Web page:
Referring to FIG. 1, the manure (2) from the porchery is into a feed tank (4). From the feed tank (4), the pig manure is fed into a centrifugal seperator known in the art. The liquid portion (8) of the pig manure obainted from the separator (6) is then fed into an aerobic biofilter (10) packed with porous tubular plastic media (14) as described hereinbefore. As illustrated, the liquid fraction (8) is fed into the aerobic biofilter (10) from a lower portion thereof such that the liquid fraction and the air are passed upflow through the biofilter (10). The treated liquid (16) leaves the biofilter from the upper part of the biofilter (10) and it is then fed either in a mud well (18) or in a clear well (20).
The solid fraction of the pig manure (22) obtained from the separator (6) is accumulated in an appropriate place (23) and once a week is mixed with a powder zeollte, granulated and either ambient or forced air dried for allowing exchange, fixation and slow subsequent release of the ammonia from the solid fraction.
Referring to FIGS. 2 to 4, a preferred embodiment of an aerobic biofilter according to the present invention comprises two bioreactors (12 a, 12 b) in series and both filled with the porous, i.e. Perforated, tubular plastic media (14) as described hereinbefore. The liquid fraction of the pig manure is first treated in the first bioreactor (12 a) and then it is further treated in the second bioreactor (12 b). The liquid fraction of the pig manure is fed into the bioreactors by means of conventional pump means (24) and pipe means (26). The second bioreactor promotes nitrification of the ammonia-rich treated waste exiting from the first bioreactor. The treated water from the second bioreactor can be fed either back into the first bioreactor to promote denitrification or to a separate denitrification tank. Ammonia removal by the steps of nitrification/denitrification significantly reduces the odour associated with pig manure.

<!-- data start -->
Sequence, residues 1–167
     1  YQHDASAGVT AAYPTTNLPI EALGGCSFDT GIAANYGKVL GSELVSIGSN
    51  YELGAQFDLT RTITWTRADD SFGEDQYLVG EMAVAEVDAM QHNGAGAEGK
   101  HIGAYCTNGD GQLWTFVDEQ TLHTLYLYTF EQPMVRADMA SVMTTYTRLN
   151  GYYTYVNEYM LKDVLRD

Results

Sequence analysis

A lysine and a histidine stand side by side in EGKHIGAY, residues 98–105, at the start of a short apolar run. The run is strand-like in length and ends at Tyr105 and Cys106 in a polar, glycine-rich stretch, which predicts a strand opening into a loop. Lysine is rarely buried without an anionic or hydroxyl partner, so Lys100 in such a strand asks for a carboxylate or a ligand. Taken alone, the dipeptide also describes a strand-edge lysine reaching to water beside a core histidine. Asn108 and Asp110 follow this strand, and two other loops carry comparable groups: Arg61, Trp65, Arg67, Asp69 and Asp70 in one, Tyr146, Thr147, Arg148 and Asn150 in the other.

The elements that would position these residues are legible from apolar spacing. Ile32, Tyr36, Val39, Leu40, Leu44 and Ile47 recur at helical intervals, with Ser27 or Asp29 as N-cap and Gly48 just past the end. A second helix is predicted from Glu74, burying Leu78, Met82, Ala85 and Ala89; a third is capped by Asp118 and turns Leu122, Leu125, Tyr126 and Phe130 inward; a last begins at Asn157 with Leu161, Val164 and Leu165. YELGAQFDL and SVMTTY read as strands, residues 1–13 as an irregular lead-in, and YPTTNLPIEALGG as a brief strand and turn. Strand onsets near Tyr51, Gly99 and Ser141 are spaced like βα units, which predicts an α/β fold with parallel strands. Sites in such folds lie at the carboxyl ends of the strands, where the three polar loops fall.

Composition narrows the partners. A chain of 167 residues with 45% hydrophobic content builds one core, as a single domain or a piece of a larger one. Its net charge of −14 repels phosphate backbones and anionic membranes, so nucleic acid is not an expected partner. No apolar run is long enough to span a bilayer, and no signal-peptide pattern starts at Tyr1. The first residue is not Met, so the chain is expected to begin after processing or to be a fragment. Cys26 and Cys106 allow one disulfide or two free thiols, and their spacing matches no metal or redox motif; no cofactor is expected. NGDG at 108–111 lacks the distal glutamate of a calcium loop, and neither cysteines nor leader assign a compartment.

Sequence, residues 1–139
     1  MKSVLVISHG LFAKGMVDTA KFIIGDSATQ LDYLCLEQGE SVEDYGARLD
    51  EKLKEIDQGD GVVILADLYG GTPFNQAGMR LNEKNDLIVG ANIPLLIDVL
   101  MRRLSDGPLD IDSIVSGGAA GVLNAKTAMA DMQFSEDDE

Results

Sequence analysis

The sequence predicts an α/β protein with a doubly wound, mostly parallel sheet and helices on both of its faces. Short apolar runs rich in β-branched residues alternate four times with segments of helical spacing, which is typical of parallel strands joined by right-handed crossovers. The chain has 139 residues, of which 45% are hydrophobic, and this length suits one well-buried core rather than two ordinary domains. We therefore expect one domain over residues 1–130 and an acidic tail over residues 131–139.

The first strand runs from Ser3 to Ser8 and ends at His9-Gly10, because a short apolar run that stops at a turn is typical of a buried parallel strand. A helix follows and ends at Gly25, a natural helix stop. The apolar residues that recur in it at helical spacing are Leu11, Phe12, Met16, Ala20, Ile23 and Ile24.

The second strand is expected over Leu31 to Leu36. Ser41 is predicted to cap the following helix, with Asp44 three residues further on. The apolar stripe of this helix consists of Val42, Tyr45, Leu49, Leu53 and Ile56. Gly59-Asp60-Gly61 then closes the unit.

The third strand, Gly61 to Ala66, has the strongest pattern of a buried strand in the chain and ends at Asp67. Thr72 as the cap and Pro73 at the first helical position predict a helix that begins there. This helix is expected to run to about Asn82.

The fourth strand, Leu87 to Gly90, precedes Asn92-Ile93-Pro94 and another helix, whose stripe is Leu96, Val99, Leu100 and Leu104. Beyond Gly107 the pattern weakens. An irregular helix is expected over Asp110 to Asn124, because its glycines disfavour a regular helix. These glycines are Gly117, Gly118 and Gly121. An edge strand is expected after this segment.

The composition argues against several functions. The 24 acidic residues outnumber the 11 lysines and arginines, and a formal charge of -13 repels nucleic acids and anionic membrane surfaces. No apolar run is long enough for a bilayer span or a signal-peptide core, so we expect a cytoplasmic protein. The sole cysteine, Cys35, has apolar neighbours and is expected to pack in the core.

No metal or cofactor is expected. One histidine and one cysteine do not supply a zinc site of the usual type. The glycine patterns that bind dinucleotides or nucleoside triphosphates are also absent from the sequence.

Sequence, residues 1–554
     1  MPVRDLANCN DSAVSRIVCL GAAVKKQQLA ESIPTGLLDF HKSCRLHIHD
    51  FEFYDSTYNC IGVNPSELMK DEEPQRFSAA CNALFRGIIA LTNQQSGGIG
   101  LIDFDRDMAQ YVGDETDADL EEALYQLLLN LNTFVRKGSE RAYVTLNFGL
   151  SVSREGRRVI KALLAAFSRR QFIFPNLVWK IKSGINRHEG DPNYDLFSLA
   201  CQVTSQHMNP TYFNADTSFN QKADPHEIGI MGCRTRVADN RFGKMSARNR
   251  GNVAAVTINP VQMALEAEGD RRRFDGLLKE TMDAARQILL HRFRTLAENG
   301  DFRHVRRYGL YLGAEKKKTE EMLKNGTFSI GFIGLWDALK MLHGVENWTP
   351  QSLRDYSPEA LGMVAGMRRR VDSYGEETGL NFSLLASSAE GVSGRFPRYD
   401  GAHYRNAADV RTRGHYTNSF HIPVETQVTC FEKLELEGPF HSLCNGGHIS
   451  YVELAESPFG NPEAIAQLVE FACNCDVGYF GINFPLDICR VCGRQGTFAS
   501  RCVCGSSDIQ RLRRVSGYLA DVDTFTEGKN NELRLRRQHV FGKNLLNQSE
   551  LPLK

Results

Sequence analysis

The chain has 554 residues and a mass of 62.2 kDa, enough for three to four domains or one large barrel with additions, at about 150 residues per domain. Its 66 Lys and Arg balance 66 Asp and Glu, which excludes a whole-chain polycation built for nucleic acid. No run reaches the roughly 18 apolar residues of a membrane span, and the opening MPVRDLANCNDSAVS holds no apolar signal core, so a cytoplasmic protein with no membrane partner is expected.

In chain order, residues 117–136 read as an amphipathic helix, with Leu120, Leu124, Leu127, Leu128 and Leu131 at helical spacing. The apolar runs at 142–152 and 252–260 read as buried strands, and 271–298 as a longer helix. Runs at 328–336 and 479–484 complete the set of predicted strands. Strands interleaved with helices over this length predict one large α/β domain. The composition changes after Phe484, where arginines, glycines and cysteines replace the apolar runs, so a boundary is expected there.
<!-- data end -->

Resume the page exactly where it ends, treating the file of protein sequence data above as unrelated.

Advantageously, an aerobic upflow biofilter packed with the porous tubular plastic media can effectively treat the liquid fraction of pig manure at organic loading of 2 to 6 kg BOD9/m3 media/day to levels allowing either reuse as flush water in the farm or direct discharge in the receiving waters.
The plastic net type tubular media does not clog with suspended material and breaks the air bubbles injected at the bottom to very fine bubbles, resulting in very high oxygen transfer efficiencies.
Coating of the solid fraction of the pig manure with powdered zeolite blocks the ammonia-nitrogen, resulting in odourless material. This material, when dried, can be spread on land into which the ammonia will leach gradually.
Tables 1 to 3 show the removal efficiency of a single biofilter and the removal efficiency of two biofilters In series. Tables 1 and 2 further show the added efficiency when two polishing steps are included. Removal of organic matter and nutrients from liquid waste, and nitrification/denitrification, is significant. The tests summarized in Tables 1 to 3 were performed at different times of the year which resulted in a different average temperature in each case.
The aerated biofilters, operated under warm weather conditions (average temperature of 77° F.), can remove about 90% of BOD, 75% of COD and 80% of SS with organic loading up to 6 kg COD/m3-day. NH3—N can be almost completely removed and converted to nitrites and nitrates. Most of the organic matter removal and ammonia oxidation takes place in the first biofilter.
At higher organic loading (over 9 kg COD/m3-day), the biofilters were still capable of removing a significant amount of organic matter and solids (about 70%), but lost some nitrification capacity.